Why Apple’s TV & movie streaming service is coming to Android
Breaking with its traditional ‘locked in’ business model, I think Apple will offer its upcoming iTunes Movies and TV service across multiple platforms and operating systems, including Android.
Why Apple will launch iTunes movies for Android
Apple’s decision to make its iTunes Movies and TV services and AirPlay 2 support available through TVs from Samsung has really got people talking, but I think we’ve missed a few clues in what we’ve been told.
Think about Samsung.
The Digital Media and Entertainment Team at Futuresource Consulting told me two critical data points concerning Samsung’s smart TVs and Apple services support.
- There were over 20 million Apple TVs in use at the end of 2018.
- Futuresource estimates there will be over 60 million Samsung Smart TVs in use worldwide that can offer the iTunes app by the end of 2019.
- Almost a third of Samsung smart TV owners also own an iPhone.
In other words, making its services available via Samsung’s televisions should mean up to 20 million iPhone users who at present lack access to an Apple TV will be able to watch shows streamed to a Samsung television. 60 million users will be able to access these shows if they don’t have an iPhone thanks to the built-in iTunes app.
Apple has reached similar deals with other smart TV manufacturers, including Sony.
You can read a complete list of supported sets here.
Even though Samsung is Apple’s largest mobile device competitor it does not offer a streaming media service of its own.
At present you could define the streaming sector as Hulu, Roku, Amazon, Netflix.
This year the sector grows more complicated. Apple is spending billions on creating its own streaming service, but isn’t the only company preparing to come online: Disney+, AT&T and Universal all have their own plans.
I’d argue Samsung has decided that since it doesn’t offer its own service and since the sector is about to get so complicated, it makes more sense for it to take a cut of service income generated via its devices.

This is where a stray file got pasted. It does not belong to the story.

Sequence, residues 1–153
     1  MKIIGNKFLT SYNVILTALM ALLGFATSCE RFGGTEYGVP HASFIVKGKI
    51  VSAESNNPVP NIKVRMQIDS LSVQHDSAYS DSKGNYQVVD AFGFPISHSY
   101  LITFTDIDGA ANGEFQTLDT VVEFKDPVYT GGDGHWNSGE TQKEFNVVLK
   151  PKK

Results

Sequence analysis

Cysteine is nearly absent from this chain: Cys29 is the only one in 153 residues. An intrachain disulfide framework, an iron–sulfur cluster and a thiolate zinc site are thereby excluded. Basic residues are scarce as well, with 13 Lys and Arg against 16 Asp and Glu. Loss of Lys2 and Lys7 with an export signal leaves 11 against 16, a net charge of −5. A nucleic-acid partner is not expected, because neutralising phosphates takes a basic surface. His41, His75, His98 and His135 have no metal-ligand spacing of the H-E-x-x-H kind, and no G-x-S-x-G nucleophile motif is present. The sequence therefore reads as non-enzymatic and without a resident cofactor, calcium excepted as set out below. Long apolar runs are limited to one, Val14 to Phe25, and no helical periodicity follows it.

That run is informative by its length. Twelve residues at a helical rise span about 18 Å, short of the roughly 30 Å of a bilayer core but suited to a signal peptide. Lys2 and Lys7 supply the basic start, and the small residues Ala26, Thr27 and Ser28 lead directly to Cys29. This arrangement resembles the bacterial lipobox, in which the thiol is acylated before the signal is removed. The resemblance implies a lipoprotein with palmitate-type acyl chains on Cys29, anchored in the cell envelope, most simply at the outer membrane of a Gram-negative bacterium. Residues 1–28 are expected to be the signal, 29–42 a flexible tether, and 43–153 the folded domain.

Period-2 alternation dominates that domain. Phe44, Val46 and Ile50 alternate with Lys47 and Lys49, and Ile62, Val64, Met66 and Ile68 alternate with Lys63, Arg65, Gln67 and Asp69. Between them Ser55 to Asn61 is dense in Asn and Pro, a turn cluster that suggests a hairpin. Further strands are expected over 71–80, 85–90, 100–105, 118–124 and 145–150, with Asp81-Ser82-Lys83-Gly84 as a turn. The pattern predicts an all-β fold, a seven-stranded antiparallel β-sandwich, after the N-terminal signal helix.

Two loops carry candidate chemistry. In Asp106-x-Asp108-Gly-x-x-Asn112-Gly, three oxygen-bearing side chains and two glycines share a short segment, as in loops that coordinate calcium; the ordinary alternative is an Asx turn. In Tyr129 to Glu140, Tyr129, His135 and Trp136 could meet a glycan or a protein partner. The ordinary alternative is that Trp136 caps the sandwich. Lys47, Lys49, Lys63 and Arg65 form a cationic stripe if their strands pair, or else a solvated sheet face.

That’s good for Apple because it widens its approachable market.
It is also good for Samsung, which at present doesn’t own the most popular OTT services that run on its hardware platforms, many of which come from Google. I’m not even certain there’s a profit share opportunity from YouTube. Except for Google’s, of course.
The Android thing
It is interesting that some of the Sony televisions that will support AirPlay 2 run on a version of Android.
Think about that.
With AirPlay 2 support already on Sony’s Android and iTunes services available through an app on televisions from its biggest mobile competitor I cannot help but imagine the existence of an iTunes Movies and TV app for Android.
Apple Music for Android is popular. It has seen in excess of 10 million installations and attracted hundreds of thousands of user reviews.
An iTunes Movies and TV app for Android would make Apple’s streaming entertainment service available across a huge congregation of devices.
Of course, if Apple’s new services were to be made available on Android, then it also makes sense to offer up a Windows version of the service. That seems a reasonable prediction, given iTunes already works on Windows.
In a pre-Christmas report called ‘Battle for the Living Room’, Futuresource observed:
“Apple’s Achilles’ heel to date has been its lack of reach on the big screen in the living room, where most premium content is consumed. A closed approach to licensing iTunes has meant that the only practical solution to watch iTunes acquired content on a TV is through its Apple TV streamer.”